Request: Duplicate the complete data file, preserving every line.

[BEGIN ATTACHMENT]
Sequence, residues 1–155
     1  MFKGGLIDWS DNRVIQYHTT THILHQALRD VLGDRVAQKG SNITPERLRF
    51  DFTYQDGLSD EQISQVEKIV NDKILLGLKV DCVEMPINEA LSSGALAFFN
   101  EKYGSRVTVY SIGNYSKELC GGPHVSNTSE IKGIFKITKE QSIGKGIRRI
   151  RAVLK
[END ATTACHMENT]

Sequence, residues 1–155
     1  MFKGGLIDWS DNRVIQYHTT THILHQALRD VLGDRVAQKG SNITPERLRF
    51  DFTYQDGLSD EQISQVEKIV NDKILLGLKV DCVEMPINEA LSSGALAFFN
   101  EKYGSRVTVY SIGNYSKELC GGPHVSNTSE IKGIFKITKE QSIGKGIRRI
   151  RAVLK